And the 2011 divorce rate is…

18.9 divorces per 1,000 married people.

You heard it here first.

I don’t have a new analysis, but here’s the trend since 2008, when the American Community Survey started collecting data on “marital events” in the previous 12 months:

These are not recorded legal events, remember, but responses to a giant survey that asks people about their marital status and marital events.

The different rates for men and women are something of a mystery (to me). As long as they rise and fall together, I don’t worry about it too much. Unfortunately, in 2011 they didn’t — it’s up for men and flat for women, resulting in a net uptick. Since I’ve been predicting an uptick following the recession, I figure we should go with that interpretation. (Don’t be tempted attribute the difference to gay men’s divorces — we’re talking about 2.4 million divorces, a tiny tiny slice of which are homogamous.)

To put this in the long-term perspective, here’s the 1940-2011 trend, cobbled together from different sources. Given the long decline after 1979, any uptick feeds suspicion that something is changing or different about the last couple years.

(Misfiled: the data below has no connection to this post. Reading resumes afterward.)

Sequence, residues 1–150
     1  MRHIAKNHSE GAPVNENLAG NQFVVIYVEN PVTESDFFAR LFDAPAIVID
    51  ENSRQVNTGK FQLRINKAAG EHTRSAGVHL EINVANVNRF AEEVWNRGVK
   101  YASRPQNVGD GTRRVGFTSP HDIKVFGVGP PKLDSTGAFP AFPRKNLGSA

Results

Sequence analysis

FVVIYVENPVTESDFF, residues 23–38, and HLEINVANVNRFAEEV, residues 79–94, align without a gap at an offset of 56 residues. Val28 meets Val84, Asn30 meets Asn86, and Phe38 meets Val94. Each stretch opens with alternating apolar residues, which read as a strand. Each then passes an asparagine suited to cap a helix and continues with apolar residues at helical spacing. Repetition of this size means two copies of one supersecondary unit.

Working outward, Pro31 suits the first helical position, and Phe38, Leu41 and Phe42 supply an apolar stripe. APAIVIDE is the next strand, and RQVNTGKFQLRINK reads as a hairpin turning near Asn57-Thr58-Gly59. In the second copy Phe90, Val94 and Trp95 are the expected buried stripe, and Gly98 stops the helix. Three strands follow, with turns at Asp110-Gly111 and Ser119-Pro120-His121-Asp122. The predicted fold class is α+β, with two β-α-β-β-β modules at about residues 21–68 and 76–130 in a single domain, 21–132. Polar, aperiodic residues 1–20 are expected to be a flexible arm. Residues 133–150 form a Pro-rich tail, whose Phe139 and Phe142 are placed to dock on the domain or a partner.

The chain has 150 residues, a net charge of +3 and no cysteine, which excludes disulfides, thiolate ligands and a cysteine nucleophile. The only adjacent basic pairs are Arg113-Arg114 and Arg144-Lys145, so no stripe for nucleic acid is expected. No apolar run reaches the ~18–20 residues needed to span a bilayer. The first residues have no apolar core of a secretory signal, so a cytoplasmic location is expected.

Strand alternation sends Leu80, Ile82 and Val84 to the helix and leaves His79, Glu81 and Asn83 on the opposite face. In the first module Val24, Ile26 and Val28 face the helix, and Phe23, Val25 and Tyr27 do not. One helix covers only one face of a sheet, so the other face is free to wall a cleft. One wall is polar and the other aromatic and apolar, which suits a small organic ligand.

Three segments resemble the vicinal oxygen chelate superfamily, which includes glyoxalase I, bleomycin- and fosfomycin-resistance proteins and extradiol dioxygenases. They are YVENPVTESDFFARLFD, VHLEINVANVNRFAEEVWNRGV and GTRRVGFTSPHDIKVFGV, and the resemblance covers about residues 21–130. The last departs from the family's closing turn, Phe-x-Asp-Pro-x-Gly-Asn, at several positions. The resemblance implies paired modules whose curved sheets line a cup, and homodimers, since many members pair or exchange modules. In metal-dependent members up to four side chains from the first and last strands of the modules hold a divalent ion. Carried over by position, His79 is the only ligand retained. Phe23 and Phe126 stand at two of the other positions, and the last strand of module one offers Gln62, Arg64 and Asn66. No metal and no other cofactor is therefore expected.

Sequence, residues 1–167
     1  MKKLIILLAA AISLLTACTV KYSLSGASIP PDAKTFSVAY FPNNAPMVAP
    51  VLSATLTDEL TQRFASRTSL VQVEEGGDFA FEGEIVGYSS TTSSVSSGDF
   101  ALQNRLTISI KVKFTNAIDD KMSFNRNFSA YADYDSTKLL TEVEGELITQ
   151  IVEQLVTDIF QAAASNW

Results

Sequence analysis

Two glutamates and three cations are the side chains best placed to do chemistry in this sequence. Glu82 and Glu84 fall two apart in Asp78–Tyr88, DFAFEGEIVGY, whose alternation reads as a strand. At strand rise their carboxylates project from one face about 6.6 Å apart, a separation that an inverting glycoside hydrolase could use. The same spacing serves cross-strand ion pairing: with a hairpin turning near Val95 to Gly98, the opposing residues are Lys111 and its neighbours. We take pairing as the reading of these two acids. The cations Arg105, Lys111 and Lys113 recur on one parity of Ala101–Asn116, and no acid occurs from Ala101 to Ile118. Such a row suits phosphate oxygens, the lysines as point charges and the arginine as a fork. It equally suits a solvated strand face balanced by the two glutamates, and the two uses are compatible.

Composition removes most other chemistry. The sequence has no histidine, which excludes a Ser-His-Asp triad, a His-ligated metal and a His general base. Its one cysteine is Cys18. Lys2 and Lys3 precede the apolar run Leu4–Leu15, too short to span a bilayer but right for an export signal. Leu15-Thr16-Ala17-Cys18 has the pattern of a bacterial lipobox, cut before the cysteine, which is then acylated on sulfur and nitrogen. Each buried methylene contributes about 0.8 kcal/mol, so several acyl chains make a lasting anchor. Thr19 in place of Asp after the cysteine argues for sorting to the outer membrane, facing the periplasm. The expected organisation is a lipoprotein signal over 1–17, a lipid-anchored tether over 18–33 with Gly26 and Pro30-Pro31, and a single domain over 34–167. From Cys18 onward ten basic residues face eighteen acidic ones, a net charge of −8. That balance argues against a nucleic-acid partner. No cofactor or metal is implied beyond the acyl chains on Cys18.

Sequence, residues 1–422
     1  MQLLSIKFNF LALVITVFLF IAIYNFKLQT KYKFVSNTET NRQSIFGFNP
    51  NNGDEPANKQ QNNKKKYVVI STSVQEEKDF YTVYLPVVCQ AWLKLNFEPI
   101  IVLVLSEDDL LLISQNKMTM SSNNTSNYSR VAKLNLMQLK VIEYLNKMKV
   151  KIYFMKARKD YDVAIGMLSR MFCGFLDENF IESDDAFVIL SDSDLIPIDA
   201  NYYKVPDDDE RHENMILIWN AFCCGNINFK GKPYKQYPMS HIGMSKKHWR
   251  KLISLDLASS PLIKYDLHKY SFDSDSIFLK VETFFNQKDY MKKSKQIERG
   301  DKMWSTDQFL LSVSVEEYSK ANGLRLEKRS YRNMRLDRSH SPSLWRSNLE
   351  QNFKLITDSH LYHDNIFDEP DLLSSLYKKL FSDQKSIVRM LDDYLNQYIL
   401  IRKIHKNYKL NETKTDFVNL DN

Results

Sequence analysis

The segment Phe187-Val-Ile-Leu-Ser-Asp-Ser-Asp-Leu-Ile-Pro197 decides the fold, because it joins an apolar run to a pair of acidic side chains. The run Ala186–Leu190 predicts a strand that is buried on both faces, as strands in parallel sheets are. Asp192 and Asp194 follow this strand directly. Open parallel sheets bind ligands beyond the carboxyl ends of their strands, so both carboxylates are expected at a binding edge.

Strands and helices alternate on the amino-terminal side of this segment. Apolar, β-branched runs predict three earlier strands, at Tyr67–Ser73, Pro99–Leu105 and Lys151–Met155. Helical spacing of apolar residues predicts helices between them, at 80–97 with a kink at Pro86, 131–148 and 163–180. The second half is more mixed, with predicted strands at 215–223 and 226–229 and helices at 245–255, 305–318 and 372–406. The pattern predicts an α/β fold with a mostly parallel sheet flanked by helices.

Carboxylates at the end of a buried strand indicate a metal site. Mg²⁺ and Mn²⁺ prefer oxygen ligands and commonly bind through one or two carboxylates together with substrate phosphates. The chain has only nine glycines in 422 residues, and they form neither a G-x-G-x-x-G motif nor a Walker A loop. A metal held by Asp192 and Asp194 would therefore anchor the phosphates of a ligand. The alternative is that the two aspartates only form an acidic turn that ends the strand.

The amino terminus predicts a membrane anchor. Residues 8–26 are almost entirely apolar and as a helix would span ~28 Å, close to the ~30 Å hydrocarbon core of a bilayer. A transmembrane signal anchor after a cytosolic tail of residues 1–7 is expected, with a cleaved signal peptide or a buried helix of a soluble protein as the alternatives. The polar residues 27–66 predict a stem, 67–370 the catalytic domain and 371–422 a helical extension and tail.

If you want to replicate this, you start here at the FactFinder, then get the number of married people by gender (ACS Table B12001) and the number of people who got divorced in the 12 months before the survey (ACS Table S1251) — you can enter the table numbers into the search box.

For my series on divorce, divorce and the recession, and etc., follow the divorce tag.


9 thoughts on “And the 2011 divorce rate is…

  1. I’m not sure how to reconcile the inconsistencies between your ACS estimates and those posted by the National Marriage Project at

    Is it because the ACS data are national and the CDC data omit California, Georgia, Hawaii, Indiana, Louisiana, and Minnesota?

    The ACS data suggest are sizable jump somewhere in the early 2000s, but the CDC data imply a decline until about 2005, leveling off after that point.


    1. I don’t know how NMP handled the missing states. But anyway, I don’t know how to expect ACS estimates to differ from vital stats. Maybe Census did some kind of benchmarking when they tested the ACS questions.


Comments welcome (may be moderated)

Fill in your details below or click an icon to log in: Logo

You are commenting using your account. Log Out /  Change )

Twitter picture

You are commenting using your Twitter account. Log Out /  Change )

Facebook photo

You are commenting using your Facebook account. Log Out /  Change )

Connecting to %s